I saw a post on Twitter the other day that really summed up what I’ve been thinking for some time now. It was this:
‘I promote other writers and encourage aspiring authors because I believe those other authors are my colleagues, not my competition. Their success is necessary for mine, in that it keeps the publishing industry alive and keeps people reading books’.
I don’t think of myself as an envious person. I don’t resent other people or scowl and mutter behind their backs that they don’t deserve all they have. I’m genuinely happy for my friends and peers when they have successes, I really am. But I’ve always struggled with insecurity and the feeling that I’m not good enough. I’m sure it goes back a long way – the older sister who was favoured by my parents, my first two ‘proper’ boyfriends who both dumped me for other girls. I never excelled at anything – I wasn’t the brightest in any subject, I wasn’t popular, wasn’t good at sports, wasn’t pretty, or funny – there was nothing I was ‘best’ at. I was just mediocre, a lot of people are and it’s nothing to be ashamed of. There is so much more to life than being better than somebody at something! (Although, try telling this to Donald Trump…) But even now, having long moved on from the insecurities that plagued me as a teen and young adult, I was finding I still had to catch myself and watch my thoughts as so not to allow myself to sink into that old feeling of inadequacy and not being ‘good enough.’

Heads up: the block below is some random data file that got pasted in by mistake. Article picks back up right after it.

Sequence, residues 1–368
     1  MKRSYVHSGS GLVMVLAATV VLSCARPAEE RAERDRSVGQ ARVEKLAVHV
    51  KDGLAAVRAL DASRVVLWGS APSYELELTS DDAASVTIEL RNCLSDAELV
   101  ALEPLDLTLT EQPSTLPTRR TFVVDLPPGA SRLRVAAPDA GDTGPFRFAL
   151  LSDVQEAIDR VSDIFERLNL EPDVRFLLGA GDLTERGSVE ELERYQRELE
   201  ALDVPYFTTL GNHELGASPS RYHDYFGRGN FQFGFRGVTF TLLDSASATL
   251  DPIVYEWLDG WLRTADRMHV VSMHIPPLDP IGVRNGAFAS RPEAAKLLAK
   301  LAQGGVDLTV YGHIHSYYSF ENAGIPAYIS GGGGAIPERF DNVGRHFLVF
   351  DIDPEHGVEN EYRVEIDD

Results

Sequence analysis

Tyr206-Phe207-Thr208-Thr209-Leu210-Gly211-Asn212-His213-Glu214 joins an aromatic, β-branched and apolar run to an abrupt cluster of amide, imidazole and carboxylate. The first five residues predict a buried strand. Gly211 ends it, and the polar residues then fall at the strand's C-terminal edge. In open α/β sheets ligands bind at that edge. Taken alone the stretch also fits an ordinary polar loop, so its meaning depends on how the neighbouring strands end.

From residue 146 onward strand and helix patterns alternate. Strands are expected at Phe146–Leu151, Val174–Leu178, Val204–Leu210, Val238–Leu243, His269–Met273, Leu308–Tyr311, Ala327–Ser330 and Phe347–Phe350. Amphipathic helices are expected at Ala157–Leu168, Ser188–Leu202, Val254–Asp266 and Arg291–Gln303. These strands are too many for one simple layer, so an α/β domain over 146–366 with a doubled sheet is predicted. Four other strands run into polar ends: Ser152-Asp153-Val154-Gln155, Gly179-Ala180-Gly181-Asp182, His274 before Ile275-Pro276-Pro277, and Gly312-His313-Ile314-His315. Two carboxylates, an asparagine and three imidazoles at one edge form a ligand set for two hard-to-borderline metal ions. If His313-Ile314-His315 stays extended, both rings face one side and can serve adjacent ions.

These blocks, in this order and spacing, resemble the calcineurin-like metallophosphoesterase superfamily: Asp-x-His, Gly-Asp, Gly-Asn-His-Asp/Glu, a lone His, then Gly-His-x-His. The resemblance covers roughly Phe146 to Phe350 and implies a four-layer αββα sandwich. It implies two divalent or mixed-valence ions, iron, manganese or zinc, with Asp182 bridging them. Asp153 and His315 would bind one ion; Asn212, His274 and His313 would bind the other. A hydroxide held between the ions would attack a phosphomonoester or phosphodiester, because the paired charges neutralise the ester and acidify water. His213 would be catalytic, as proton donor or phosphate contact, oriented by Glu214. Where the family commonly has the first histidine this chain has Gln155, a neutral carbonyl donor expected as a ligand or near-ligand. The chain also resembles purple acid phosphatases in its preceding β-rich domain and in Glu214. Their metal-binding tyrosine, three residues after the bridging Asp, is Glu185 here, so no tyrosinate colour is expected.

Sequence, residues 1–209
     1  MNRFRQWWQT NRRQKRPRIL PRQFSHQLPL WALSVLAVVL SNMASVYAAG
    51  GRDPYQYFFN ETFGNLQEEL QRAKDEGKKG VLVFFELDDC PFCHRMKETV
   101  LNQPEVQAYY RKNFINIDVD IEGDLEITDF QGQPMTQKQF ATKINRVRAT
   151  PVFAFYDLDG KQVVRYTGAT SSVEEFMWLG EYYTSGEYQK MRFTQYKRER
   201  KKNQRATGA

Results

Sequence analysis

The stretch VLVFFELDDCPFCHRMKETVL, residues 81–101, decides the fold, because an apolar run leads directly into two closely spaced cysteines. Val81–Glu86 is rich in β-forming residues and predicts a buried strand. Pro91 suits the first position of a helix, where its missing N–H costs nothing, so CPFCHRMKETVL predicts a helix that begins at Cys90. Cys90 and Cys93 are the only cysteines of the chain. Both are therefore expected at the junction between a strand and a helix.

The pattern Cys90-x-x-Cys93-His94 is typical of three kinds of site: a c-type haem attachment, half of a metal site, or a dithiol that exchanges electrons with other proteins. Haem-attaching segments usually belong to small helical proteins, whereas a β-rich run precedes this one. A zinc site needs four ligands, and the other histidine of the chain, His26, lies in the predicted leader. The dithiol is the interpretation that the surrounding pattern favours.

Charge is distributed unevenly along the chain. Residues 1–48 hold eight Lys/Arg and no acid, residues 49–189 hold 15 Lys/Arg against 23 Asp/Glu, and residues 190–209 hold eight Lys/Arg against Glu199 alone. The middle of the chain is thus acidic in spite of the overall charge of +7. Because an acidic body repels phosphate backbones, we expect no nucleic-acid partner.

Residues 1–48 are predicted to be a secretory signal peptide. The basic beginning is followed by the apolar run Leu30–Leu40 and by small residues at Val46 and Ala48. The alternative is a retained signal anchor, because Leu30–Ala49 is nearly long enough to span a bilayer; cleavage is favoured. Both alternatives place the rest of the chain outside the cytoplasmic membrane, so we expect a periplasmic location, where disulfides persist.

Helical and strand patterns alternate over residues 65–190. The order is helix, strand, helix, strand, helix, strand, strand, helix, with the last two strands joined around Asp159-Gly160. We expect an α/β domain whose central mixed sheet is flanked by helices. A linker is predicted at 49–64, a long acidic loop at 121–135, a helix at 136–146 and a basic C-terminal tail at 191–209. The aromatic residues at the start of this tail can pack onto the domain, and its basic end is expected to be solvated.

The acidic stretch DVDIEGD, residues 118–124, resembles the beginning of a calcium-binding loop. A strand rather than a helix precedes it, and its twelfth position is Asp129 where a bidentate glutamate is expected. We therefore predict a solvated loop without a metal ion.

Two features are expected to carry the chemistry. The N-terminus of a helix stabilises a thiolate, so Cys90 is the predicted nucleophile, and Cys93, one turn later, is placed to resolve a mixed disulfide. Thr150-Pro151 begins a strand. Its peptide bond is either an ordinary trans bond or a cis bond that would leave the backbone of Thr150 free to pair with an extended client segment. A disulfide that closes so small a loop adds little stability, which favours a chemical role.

When your Twitter feed is awash with book launches, glowing reviews, awards and accolades, it can be very hard not to compare your journey with others, especially if your tweets consist mainly of what you ate for lunch and cute photos of your pets. You know you shouldn’t compare yourself because everyone’s journey is different, but sometimes it can be disheartening. I’m sure we all realise people don’t post their failures on Twitter, that all these successes we’re seeing are only part of the story. But this knowledge doesn’t make things any easier. I’ll freely admit that I actually DO want to be really good at something for once in my life, and writing is that thing! So I was finding myself being drawn into a negative frame of mind easily, and that wasn’t where I wanted to be.
Most writers I know will say the journey is one of massive highs and crushing lows as far as self-confidence is concerned. One day we think what we’ve written is the best thing ever and no one could possibly find a single fault with it – and we simply MUST submit it NOW! The next minute- usually right after we’ve pressed ‘send- the feeling has become one of despair, that what we’ve written is utter trollop, riddled with faults, and a pointless mess no one could ever possibly like, let alone want to publish. I don’t know if this roller-coaster ever ends, and from what I’ve heard, it doesn’t. It would be easy to look at the successes of others with resentment and jealously, to say, “Why them and not me?”, “My writing is just as good/better than that”, or “How did they get so lucky?” But none of this is actually going to help you get any further on your journey. In fact, I’d say it only serves to delay it. If you believe in the universal laws of the power of attraction, you’ll understand that when we focus on the things we don’t have, the universe produces more of the same. And even if you don’t believe in the laws of attraction, you’ll have to agree resentment and jealously only serves to make YOU feel like crap.